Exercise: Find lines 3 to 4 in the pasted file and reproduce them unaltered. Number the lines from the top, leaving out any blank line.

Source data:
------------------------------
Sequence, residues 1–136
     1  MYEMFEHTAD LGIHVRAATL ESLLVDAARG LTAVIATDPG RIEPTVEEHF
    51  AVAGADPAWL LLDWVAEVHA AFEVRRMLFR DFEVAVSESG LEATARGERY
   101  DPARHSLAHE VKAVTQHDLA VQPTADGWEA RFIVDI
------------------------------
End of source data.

    51  AVAGADPAWL LLDWVAEVHA AFEVRRMLFR DFEVAVSESG LEATARGERY
   101  DPARHSLAHE VKAVTQHDLA VQPTADGWEA RFIVDI